Sitios de Memoria


The Dominican Republic is a necessary reference when identifying and preserving places of memory associated with the slave trade and slavery. These lands were named the island of Santo Domingo or La Española by the conquerors, but they were originally named Haiti or Quisqueya by the aboriginal inhabitants. The Island received the first contingents of Africans enslaved in the New World (1501) the origin of African slavery in the Americas, a phenomenon whose historical consequences are still present in Latin-American and Caribbean societies.


As the final destination of slaves, Spanish Santo Domingo witnessed historical and social events that would shape the cultural diversity of Dominican and Caribbean societies. These societies preserve a historical memory of multiple contradictions that represent the essence of the cultural identity of our peoples, joining us as brothers in our history with Africa, Europe and the peoples of the Americas and the Caribbean. It is the essence of a fruitful intercultural dialogue. An important moment of that historical construction of the African presence is the first black rebellion of the New World (Nigua, 1521) carried out by members of the Wolof ethnic group originally from Senegambia.

The properties registered here in the process of research and identity affirmation are faithful expressions of the historical legacy associated with the Slave Route. There are human settlements of African and Spanish ethos, ruins and monuments of the first sugar mills and trapiches (cane grinders). These were geographic spaces where the maroons built their manieles or palenques (dwelling sites of emancipated slaves) and today one can rediscover cultural expressions that identify these Dominican communities. We can also feel their suffering in the landing port and the black slaves market of Santa Bárbara. This memory tour takes us to San Gregorio de Nigua municipality, in San Cristóbal province, a community which shows a singular tangible and intangible culture derived from maroons and slaves. There the visitor can see the historical monumental complex we proposed: the Boca de Nigua sugar mill (18th century), the Diego Caballero sugar mill (16th century) and the San Gregorio Magno hermit (16th century). We are also submitting the facilities of the Cepi-Cepí colonial sugar mill (16th century) in Las Charcas municipality in the Azua de Compostela province, and in this same southern region we submit El Naranjo community, a city that grew on the remains of the 18th century Neiba maniel (dwelling sites of emancipated slaves), which existed in the Barahona province.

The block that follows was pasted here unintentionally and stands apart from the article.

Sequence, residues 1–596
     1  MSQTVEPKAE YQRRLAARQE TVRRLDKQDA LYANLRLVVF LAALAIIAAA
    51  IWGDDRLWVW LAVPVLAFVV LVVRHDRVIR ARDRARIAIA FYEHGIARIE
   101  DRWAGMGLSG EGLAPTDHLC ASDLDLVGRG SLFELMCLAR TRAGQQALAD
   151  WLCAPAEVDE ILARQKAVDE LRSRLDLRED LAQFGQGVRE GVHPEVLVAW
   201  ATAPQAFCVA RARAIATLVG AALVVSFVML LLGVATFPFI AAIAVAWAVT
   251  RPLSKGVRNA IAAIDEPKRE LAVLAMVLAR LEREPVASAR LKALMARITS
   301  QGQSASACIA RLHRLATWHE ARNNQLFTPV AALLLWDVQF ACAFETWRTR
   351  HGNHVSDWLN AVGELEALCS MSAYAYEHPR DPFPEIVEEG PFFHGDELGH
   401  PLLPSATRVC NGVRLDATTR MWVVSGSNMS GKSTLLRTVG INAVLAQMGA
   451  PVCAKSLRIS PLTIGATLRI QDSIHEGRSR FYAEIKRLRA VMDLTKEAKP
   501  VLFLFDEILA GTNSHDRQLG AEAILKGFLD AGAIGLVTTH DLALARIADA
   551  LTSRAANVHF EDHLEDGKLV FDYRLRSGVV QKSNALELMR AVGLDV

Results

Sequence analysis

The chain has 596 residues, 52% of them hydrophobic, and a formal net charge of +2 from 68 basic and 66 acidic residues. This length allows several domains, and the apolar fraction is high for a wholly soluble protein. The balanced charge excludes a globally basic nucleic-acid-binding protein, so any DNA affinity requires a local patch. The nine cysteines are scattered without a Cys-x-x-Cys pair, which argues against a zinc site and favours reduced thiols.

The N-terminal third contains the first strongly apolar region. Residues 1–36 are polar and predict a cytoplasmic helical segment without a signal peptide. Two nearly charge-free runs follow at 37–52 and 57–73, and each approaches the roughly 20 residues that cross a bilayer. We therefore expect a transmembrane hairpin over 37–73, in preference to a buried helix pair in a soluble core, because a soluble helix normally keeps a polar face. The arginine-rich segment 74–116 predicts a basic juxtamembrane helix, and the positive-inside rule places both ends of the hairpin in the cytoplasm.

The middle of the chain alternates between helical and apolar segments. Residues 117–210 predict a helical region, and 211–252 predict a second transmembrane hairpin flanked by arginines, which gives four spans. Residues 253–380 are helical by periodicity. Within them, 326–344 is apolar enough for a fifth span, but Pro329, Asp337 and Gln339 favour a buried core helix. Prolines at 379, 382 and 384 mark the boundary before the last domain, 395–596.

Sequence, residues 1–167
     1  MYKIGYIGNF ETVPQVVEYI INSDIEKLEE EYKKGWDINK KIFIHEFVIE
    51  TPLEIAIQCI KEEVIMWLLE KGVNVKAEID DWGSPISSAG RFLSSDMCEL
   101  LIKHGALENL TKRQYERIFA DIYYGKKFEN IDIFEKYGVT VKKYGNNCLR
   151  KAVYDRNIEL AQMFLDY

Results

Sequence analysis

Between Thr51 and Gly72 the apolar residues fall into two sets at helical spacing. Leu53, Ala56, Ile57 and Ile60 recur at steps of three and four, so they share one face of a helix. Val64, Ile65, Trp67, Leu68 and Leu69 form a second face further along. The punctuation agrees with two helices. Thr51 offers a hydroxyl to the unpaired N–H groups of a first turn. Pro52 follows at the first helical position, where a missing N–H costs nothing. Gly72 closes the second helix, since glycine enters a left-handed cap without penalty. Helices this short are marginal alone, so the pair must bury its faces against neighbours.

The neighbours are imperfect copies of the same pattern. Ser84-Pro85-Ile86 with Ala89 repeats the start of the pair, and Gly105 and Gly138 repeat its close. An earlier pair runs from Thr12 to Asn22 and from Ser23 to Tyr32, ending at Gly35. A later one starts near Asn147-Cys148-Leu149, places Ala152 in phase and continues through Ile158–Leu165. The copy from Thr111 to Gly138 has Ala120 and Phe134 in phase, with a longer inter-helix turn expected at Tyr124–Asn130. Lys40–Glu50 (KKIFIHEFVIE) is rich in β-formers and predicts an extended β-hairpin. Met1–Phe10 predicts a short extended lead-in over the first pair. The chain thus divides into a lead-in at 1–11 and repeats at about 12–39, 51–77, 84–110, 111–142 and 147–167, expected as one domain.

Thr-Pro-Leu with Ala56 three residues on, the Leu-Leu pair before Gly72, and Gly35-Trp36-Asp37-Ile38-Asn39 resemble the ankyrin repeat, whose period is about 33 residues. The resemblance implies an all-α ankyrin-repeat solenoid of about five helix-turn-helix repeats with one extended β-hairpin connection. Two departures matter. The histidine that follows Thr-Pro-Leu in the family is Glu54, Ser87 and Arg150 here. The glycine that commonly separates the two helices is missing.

All these sites of infinite symbolism have a dialectic relationship with cultural expressions of high heritage value for the cohesion of the community: ceremonial squares, archeological sites, ecological routes representative of the cohesion of the Caribbean biological diversity and of the range of medicinal plants, vernacular architecture, sanctuaries of religious practices of African influence, music and dance traditions, popular rituals, popular feasts, myths associated to oral, curative and cooking traditions, and a population which defends its African legacy in spite of hostile social ethnic context. The Dominican Republic is potentially a privileged niche to place studies and reevaluation of the African presence in the New World in its true perspective.